New England Review Volume 41 Number 3 is out. Featured work by May-lee Chai; Jeneva Stone; Laurence de Looze; Alyssa Pelish; John Kinsella; Clifford Howard; and translations of Scholastique Mukasonga, Karla Marrufo, and Nelly Sachs. Fiction by Kenneth Calhoun, Meron Hadero, Kate Petersen, and Kirk Wilson; poetry by Anders Carlson-Wee, Victoria Chang, Justin Danzy, Elisa Gabbert, torrin a. greathouse, Christina Pugh, and more; plus cover art by Heidi P.
Who didn’t have an embarrassing crush growing up? For thirteen-year-old Chava in “I Love You, Dr. Rudnitsky” by Avigayl Sharp, her new crush is her titular dentist.
Chava, deep in the throes of the brutality of puberty, falls in love with her dentist one day. Her newfound crush with its accompanying fantasies serves as a respite from her real life: being Jewish and bullied at her Catholic school, a disconnect with her distant mother, and disgust at her own body—her weight, her body hair, her budding sexuality.
Sharp gives Chava a voice that’s somehow both humorous and tragic, bringing me back to those awkward days of adolescence and the torturous process of puberty. She’s upfront and honest, telling us truths she doesn’t admit to others, while simultaneously wrapping us up in one lie after the other. By the end of the story, it feels like we’re reading her Dr. Rudnitsky fanfiction she’s posting on some secret blog. One can’t help feeling sympathy for Chava, for wanting to sit her down and give her a hug and some advice, and we can thank Sharp for creating such a cringe-worthy yet completely loveable character.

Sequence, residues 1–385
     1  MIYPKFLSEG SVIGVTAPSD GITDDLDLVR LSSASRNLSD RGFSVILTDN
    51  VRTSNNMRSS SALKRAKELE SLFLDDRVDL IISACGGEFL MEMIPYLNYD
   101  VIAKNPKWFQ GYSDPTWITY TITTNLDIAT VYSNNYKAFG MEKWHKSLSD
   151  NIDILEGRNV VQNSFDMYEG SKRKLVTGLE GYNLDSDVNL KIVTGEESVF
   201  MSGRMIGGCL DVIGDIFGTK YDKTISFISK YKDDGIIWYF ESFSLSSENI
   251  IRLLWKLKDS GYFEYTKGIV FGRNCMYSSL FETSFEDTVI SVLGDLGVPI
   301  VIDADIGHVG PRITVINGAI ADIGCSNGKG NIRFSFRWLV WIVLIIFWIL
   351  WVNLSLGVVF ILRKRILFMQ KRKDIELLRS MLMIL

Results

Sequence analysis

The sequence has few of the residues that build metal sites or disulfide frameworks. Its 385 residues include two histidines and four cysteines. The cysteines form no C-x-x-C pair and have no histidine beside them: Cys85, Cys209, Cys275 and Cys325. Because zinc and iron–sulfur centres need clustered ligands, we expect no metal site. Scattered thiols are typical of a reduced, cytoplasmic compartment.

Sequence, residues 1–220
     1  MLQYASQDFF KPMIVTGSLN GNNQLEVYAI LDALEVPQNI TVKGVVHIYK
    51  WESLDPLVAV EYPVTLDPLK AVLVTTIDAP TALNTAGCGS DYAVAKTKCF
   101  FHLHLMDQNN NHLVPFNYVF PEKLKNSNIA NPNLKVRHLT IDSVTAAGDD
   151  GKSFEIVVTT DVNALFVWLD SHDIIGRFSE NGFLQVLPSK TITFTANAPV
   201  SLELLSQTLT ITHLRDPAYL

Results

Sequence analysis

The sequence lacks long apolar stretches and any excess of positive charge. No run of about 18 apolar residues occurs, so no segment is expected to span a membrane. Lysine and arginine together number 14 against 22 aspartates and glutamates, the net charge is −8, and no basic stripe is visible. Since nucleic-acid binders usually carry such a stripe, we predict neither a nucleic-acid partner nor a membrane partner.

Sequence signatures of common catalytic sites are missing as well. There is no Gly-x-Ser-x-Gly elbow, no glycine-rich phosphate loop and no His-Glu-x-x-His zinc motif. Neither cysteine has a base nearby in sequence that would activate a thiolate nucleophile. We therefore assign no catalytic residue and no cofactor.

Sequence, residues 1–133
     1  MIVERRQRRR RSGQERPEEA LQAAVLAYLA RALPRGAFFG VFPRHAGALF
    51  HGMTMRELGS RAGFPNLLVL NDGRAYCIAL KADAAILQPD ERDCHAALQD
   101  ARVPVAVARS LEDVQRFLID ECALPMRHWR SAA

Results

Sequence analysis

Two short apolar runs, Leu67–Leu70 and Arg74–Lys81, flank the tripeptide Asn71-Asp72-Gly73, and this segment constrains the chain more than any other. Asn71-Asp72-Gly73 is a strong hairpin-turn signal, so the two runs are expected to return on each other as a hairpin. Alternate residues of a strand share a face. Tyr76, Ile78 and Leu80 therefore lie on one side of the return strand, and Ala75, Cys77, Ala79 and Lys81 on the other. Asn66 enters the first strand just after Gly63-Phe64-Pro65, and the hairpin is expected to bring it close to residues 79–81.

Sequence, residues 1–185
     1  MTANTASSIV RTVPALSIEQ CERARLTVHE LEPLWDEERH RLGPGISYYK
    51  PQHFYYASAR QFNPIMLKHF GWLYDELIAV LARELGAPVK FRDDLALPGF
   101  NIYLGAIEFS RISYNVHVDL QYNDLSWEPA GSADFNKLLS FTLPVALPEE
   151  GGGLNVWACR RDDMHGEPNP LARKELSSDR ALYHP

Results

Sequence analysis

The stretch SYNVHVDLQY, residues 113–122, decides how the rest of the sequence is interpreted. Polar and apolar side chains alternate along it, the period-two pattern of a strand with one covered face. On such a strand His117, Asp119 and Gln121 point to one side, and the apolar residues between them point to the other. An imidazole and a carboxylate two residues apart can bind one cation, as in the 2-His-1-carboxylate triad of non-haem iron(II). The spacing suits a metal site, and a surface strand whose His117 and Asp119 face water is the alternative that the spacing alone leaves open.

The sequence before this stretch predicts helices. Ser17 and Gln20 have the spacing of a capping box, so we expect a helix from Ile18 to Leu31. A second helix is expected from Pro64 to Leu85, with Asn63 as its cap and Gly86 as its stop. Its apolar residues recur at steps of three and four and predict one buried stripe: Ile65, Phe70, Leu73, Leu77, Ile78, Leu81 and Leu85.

The summer New England Review issue extends deep into the past, with translations from ancient Greek, historical fiction featuring Alfred Nobel, and an essay/collage about Virginia Woolf and Elizabeth Bowen. It imagines the future with speculative fiction and crosses the Atlantic to bring together fifteen contemporary poets from the UK. Fiction by Hugh Coyle, Rachel Hall, Laura Schmitt, and more; poetry by Emma Bolden, Jehanne Dubrow, David Keplinger, Esther Lin, Joannie Stangeland, and others; and nonfiction by Indran Amirthanayagam, Zoë Dutka, and more.
Congratulations to two of NewPages sponsored magazines for having selections included in the Best American Essays 2020 due out on November 3, 2020. This year’s anthology was curated by guest editor André Aciman and series editor Robert Atwan.
“My Pink Lake and Other Digressions” by Alison Townsend was originally published in an issue of Cimarron Review. Jerald Walker’s “Breathe” was featured in New England Review40.3.
In this issue of New England Review you’ll find fiction by Maud Casey, David Allan Cates, Nandini Dhar, Elin Hawkinson, Christine Sneed, and Lindsay Starck; poetry by Su Cho, John Freeman, Rodney Gomez, Zach Linge, Vandana Khanna, Joanna Klink, Philip Metres,, Maura Stanton, Emily Jungmin Yoon, and more; nonfiction by Kazim Ali, Jennifer Chang, Ching-In Chen, Julia Cohen, and others; and Max Frisch in translations, translated by Linda Frazee Baker. Plus cover art by Brian Nash.
Ellen Hinsey and Jakob Ziguras were invited to assist the New England Review in compiling a collection of poems written by previously untranslated Polish authors in a special issue titled “Polish Poetry in Translation: Bridging the Frontiers of Language” (Volume 40 Number 2, 2019). No doubt, Ellen Hinsey, who had previously used love as her guide to identify works to include in her book Scattering the Dark: An Anthology of Polish Women Poets, was chosen for her care and attention.
The introduction to Hinsey’s anthology is referenced in an editor’s note in this issue and highlights difficulties that translation presents. Hinsey describes how even best efforts are often unable to fully create expressions and understandings in English that exist uniquely in Polish (and other languages) while also preserving beauty in the verses. Continue reading “New England Review – Polish Poetry in Translation”